Workflow optimization: Study reports current trends and future directions

January 21, 2003

Increasing attention is focusing on workflow as an area where productivity within medical imaging can be maximized. "Workflow optimization is one of the most overlooked areas of study within digital imaging, and it holds the greatest potential to

Increasing attention is focusing on workflow as an area where productivity within medical imaging can be maximized.

"Workflow optimization is one of the most overlooked areas of study within digital imaging, and it holds the greatest potential to improve productivity of clinicians, radiologists, technologists, and ancillary staff," said Dr. Bruce Reiner, a radiologist at the University of Maryland School of Medicine and the VA Maryland Healthcare System in Baltimore.

Many PACS adopters make the mistake of replacing film with PACS without carefully evaluating and optimizing workflow, he said. Workflow optimization is an attempt to improve operational efficiency by automation and task consolidation.

"In the end, workflow optimization should provide the ability to improve productivity, reduce staffing requirements, and potentially reduce errors in a number of tasks, such as data entry," Reiner said.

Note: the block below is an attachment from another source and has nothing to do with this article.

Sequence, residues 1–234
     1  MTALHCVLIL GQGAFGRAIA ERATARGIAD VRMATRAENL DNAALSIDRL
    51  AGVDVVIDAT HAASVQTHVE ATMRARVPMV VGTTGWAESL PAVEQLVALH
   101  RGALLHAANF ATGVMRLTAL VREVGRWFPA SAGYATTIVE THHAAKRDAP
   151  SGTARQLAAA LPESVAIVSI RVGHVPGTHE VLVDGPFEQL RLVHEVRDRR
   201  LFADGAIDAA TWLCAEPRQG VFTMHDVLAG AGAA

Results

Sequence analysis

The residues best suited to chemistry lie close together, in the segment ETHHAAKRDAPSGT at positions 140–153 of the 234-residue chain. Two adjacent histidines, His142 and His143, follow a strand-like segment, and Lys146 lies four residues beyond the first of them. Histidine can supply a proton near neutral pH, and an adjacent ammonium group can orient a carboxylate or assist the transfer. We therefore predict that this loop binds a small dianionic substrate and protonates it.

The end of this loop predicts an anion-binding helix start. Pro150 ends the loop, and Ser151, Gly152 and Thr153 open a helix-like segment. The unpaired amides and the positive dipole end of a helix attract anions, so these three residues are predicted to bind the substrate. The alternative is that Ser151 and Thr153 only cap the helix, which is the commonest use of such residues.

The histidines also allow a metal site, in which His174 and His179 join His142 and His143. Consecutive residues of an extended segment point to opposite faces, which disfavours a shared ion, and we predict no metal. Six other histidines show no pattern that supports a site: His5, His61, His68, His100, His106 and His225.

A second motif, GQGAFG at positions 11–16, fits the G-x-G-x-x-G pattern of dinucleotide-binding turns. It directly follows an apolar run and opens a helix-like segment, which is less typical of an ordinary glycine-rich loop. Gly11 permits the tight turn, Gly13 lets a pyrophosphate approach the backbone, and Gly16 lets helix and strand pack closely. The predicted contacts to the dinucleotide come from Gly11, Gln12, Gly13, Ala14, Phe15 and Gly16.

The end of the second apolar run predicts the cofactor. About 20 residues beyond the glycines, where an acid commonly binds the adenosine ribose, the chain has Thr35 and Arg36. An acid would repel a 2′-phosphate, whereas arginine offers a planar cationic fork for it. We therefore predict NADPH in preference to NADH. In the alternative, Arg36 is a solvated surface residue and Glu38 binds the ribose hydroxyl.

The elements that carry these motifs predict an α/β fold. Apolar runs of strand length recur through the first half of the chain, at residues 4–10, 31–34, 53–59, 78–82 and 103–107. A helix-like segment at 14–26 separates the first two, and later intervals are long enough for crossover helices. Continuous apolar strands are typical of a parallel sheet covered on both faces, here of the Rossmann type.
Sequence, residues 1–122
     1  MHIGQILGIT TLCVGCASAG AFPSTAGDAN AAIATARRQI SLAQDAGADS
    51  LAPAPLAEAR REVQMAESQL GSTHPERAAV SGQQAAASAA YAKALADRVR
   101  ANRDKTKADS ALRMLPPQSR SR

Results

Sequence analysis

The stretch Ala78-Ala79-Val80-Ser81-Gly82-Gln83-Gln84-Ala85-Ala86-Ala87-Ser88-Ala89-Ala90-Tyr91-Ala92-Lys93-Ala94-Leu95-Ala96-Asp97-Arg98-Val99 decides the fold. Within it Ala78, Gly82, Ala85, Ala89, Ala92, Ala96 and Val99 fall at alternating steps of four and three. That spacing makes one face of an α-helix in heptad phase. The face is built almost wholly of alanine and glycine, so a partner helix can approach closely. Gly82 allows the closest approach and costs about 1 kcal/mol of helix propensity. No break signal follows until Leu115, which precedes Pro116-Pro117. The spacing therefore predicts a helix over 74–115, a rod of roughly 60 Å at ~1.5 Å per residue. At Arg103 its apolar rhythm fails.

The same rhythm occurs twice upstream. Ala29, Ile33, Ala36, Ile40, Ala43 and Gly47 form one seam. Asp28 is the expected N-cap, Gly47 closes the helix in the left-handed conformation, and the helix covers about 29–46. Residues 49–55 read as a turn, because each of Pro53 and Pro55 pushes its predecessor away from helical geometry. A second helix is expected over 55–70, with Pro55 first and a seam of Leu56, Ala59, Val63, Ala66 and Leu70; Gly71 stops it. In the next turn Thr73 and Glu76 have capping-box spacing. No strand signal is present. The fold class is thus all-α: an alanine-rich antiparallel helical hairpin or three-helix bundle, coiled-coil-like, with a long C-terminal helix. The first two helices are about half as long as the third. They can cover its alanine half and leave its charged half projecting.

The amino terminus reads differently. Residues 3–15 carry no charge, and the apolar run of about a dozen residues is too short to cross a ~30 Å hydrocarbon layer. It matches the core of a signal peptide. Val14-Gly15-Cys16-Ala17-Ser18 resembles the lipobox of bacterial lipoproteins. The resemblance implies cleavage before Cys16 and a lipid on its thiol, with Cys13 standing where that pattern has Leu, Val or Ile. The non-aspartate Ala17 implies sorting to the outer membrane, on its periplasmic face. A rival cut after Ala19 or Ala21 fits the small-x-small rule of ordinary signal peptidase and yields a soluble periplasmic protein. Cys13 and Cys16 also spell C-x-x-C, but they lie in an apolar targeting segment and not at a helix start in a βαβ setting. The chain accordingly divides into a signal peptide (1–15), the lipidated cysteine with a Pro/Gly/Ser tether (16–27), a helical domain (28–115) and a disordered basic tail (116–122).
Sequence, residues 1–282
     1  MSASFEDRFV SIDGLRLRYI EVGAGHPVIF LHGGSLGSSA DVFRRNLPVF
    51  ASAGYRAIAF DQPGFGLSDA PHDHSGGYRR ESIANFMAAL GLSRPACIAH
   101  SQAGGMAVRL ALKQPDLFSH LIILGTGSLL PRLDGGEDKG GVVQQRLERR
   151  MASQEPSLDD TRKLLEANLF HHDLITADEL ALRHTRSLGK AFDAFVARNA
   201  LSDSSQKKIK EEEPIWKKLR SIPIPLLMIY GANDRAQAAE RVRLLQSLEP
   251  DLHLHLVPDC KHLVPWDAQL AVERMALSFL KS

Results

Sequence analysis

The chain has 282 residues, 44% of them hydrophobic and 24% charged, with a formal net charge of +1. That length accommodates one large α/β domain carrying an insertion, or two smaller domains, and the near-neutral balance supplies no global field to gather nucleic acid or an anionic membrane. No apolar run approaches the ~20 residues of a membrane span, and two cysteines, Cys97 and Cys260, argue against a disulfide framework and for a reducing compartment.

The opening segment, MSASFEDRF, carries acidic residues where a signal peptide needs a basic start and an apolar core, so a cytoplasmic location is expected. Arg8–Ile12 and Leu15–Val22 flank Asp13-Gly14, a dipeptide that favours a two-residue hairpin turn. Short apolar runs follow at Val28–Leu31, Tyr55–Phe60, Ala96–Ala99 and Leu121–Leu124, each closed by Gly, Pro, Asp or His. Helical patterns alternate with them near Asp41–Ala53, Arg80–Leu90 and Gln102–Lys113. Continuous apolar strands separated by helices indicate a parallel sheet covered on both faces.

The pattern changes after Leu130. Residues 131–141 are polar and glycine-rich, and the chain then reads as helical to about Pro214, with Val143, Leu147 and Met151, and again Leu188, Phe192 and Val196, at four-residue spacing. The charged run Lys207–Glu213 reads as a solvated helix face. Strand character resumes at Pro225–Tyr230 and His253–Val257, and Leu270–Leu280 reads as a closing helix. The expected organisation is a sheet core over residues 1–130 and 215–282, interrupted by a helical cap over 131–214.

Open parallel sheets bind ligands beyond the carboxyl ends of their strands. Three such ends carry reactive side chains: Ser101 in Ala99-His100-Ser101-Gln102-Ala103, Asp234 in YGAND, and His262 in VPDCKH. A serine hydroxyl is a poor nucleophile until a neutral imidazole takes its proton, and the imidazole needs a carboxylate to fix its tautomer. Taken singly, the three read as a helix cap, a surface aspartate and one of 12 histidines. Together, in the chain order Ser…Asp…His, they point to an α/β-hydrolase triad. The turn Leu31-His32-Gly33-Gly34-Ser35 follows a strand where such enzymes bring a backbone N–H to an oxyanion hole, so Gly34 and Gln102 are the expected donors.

A number of factors should be considered, however, including the stochastic nature of the workload, availability of human resources, and the specific technologies being employed.

Reiner recently completed a study (J Digit Imaging 2002 Dec. 17 [epub ahead of print]) to determine how workflow can be optimized to improve technologist productivity by determining the complex relationship that exists between information technology and the radiologic technologist.

"This relationship takes on greater importance as more imaging departments are undergoing the transition from film-based to filmless operation," Reiner said.

The study reports a nationwide survey conducted to compare technologist workflow in film-based and filmless operations for all imaging modalities. The individual tasks performed by technologists were defined, along with the amount of time allocated to them. The index of workflow efficiency was determined to be the percentage of overall technologist time allocated to image acquisition, since this is the primary responsibility of the radiologic technologist.

"Preliminary analysis indicates technologist workflow in filmless operation is enhanced when compared with film-based operation, for all imaging modalities," Reiner said.

The specific tasks that require less technologist time in filmless operation are accessing data and retake rates, due to both technical factors and lost exams. Surprisingly, no significant differences were reported for the task of image processing.

Reiner said additional research is planned to evaluate the potential workflow gains achievable through workflow optimization software, improved systems integration, and automation of advanced image processing techniques.